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Monday, February 24, 2020

Federal judge: Walgreens can't escape woman's Cook County lawsuit saying retailer caused cancer by selling her cigarettes

Lawsuits

By D.M. Herra | Feb 6, 2020

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A woman will be allowed to sue Walgreens for selling her cigarettes in Cook County Circuit Court after a federal judge refused to kick the pharmacy retailer off her lawsuit, dooming the chance to keep the lawsuit in federal court, where a group of tobacco companies wished for it to stay.

Gina Andersen filed the suit against Walgreen Co. and three tobacco companies, Phillip Morris USA Inc., R.J. Reynolds Tobacco Company and Liggett Group LLC, charging them with selling products they knew were dangerous without adequately warning consumers.

The tobacco companies, all based outside Illinois, invoked the legal concept of diversity jurisdiction – which applies to legal disptues between citizens of different states - to remove the case to federal court. Though Andersen and Walgreens are both based in Illinois, the tobacco companies argued that the Deerfield-based Walgreens had been fraudulently included in the action, simply to defeat the tobacco companies' attempt to get the case out of Cook County's more plaintiff-friendly courts.


Peter J Flowers Meyers & Flowers | meyers-flowers.com

U.S. District Judge John Z. Lee found the defendants did not meet their burden of establishing that Andersen’s claims against Walgreens have no reasonable possibility of success. Her claims against Walgreens are for negligence and strict liability.

“The Court’s analysis begins – and, in this case, ends – with Andersen’s strict liability claim,” Lee wrote in his opinion.

Under Illinois law a retailer selling a defective product can be held strictly liable for injuries resulting from the product, unless it files an affidavit certifying the identity of the manufacturer. Walgreens submitted such an affidavit, the manufacturers argued, so the liability claim against it cannot succeed.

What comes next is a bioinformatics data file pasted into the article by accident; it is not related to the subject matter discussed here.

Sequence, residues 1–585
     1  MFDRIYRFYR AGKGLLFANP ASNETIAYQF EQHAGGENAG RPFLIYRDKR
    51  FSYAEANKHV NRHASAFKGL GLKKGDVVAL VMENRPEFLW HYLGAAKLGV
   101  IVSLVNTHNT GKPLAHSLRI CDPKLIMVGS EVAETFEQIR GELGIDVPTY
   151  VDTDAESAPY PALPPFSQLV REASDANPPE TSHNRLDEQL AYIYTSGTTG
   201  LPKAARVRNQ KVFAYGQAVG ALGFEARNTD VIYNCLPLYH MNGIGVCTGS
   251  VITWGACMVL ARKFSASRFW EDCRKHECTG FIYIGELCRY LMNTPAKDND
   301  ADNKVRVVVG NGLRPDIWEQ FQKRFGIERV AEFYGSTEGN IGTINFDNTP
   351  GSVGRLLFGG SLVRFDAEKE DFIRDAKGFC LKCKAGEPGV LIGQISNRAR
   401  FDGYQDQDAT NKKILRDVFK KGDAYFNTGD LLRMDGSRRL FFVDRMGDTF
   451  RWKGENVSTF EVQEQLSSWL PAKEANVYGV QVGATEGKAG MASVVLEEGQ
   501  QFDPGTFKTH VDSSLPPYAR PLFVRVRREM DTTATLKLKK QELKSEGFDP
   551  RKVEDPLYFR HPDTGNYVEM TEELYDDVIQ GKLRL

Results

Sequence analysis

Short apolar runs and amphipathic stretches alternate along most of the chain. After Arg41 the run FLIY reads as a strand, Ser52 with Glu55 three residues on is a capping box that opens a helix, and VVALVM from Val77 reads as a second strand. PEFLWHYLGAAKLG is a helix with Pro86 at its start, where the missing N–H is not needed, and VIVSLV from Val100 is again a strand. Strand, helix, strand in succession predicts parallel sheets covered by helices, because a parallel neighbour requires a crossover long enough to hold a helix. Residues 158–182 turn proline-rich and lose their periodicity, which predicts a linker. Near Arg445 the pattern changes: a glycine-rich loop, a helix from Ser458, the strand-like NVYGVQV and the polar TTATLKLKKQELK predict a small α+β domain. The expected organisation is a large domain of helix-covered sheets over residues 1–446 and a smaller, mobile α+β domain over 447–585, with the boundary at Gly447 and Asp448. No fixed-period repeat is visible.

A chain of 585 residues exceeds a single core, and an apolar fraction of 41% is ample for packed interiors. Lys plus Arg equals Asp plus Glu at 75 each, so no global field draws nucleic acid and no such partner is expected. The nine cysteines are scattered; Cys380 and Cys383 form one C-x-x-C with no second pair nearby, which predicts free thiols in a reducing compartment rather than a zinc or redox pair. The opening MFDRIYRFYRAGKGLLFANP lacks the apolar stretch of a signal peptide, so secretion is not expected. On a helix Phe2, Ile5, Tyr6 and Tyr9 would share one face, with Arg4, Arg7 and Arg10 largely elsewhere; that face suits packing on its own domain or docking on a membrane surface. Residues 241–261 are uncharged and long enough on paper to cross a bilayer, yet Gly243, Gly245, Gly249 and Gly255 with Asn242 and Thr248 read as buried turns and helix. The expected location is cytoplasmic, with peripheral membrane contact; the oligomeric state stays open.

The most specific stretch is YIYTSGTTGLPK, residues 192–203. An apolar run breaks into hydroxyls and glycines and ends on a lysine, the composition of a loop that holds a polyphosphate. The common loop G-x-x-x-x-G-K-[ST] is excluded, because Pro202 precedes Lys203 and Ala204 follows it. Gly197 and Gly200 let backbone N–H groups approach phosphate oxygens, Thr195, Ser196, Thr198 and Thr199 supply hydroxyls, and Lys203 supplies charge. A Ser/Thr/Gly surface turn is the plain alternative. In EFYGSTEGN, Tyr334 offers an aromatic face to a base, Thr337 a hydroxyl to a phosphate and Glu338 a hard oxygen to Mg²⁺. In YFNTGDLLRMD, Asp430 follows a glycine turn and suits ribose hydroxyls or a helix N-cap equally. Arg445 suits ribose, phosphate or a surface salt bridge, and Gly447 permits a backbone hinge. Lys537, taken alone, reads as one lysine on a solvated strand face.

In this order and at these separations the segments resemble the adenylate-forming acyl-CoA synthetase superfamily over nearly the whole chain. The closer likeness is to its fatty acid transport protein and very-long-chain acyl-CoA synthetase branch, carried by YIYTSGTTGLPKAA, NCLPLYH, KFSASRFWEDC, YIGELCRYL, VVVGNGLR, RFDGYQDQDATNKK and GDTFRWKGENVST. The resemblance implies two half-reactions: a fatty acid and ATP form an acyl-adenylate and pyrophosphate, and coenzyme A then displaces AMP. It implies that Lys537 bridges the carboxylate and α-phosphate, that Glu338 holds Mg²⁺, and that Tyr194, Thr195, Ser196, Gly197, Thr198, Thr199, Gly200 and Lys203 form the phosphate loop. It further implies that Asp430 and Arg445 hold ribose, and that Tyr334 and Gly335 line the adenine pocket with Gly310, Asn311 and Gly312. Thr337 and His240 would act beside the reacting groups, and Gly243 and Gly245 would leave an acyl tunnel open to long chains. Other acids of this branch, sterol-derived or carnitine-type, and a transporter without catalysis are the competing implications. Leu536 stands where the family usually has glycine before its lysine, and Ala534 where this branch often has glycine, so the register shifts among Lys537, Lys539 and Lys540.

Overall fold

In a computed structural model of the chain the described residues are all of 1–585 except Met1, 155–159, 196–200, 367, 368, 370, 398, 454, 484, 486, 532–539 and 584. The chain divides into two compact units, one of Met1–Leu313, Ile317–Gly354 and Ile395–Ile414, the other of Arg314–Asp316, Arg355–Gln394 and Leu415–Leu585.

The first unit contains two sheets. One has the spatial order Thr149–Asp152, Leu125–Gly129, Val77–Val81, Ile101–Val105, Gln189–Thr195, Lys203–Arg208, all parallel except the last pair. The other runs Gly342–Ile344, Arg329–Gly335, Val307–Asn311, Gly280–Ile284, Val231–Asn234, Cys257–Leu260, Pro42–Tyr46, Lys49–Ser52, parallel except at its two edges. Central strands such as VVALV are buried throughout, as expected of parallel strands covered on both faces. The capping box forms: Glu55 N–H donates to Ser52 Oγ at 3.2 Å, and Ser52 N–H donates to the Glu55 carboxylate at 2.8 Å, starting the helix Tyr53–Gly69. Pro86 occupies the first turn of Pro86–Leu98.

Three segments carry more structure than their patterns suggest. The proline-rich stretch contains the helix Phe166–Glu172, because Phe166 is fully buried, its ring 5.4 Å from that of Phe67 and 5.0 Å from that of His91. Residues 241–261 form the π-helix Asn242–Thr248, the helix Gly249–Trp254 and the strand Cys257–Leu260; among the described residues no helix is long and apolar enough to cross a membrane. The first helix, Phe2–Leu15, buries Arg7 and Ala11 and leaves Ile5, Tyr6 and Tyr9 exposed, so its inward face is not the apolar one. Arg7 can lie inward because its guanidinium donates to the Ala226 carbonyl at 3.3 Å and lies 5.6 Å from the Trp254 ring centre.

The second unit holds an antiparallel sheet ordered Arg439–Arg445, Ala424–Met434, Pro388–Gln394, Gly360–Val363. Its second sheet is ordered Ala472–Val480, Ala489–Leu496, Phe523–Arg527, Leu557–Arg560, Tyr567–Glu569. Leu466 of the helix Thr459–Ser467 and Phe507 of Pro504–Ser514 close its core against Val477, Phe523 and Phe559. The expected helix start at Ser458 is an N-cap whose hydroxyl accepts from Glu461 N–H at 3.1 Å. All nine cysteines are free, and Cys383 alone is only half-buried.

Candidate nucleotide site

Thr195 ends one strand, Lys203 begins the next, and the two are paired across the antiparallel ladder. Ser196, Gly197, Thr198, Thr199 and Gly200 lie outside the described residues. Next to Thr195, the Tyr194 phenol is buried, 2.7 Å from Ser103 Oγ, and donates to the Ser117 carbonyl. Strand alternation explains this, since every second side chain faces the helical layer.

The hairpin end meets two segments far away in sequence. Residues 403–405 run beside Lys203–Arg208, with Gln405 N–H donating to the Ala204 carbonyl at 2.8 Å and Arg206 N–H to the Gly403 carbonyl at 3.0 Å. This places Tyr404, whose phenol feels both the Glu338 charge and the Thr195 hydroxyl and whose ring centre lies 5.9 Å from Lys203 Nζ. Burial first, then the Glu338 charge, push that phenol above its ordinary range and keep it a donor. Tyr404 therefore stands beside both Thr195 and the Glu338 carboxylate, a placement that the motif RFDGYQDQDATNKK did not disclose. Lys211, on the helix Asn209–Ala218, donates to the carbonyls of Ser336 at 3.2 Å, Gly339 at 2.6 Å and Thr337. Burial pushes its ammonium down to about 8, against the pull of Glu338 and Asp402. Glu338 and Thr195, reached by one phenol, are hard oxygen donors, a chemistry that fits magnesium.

In reaching his decision, Lee turned to another section of the statute, which dictates the retailer should not be dismissed if the plaintiff can show it had “actual knowledge of the defect in the product which caused the injury.” In her complaint, Andersen alleges Walgreens enjoyed a cozy relationship with cigarette manufacturers for decades, even allegedly offering to help steer the public conversation around tobacco products.

“If Walgreens knew that cigarettes were more dangerous than consumers expected, then the seller’s statute would not preclude Andersen’s strict liability claim,” Judge Lee wrote. “The complaint sufficiently alleges that Walgreens may have known more about cigarettes from its relationship with cigarette manufacturers than a typical consumer. As such, there is a reasonable possibility that a state court could find that the seller’s statute does not foreclose Andersen’s strict liability claim.”

Andersen’s claims may fail in discovery, Lee wrote, but at this stage in the proceedings the court need not consider the merits of the case. He granted Andersen’s motion to remand the case back to circuit court but denied her motion to recover the attorney’s fees accrued while fighting the removal to federal court.

Andersen has been represented in the action by attorneys Peter J. Flowers, Craig D. Brown and Jonathan P. Mincieli, of the firm of Meyers & Flowers LLC, of Chicago.

The defendants have been represented by the firms of Jones Day, of Chicago; Arnold & Porter Kaye Scholer LLP, of New York, Chicago and Washington, D.C.; Kasowitz Benson Torres Llp, of Miami; and Scharf Banks Marmor LLC, of Chicago. 

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Organizations in this Story

Walgreens Co.Meyers & FlowersU.S. District Court for the Northern District of IllinoisScharf, Banks, Marmor LLCKasowitz BensonJones DayArnold & Porter Kaye Scholer

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